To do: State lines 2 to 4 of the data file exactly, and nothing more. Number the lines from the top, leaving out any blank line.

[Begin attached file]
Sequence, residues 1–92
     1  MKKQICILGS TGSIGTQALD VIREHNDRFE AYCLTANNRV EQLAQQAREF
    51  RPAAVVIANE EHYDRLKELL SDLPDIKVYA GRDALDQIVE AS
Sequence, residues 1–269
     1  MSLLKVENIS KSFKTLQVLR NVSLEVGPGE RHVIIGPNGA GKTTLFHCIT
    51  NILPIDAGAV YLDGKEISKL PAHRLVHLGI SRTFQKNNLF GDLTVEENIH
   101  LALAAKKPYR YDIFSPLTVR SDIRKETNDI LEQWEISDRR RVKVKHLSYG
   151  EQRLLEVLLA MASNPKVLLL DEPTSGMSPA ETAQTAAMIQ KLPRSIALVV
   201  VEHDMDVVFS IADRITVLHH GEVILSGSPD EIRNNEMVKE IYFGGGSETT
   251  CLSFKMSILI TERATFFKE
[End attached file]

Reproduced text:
     1  MKKQICILGS TGSIGTQALD VIREHNDRFE AYCLTANNRV EQLAQQAREF
    51  RPAAVVIANE EHYDRLKELL SDLPDIKVYA GRDALDQIVE AS
Sequence, residues 1–269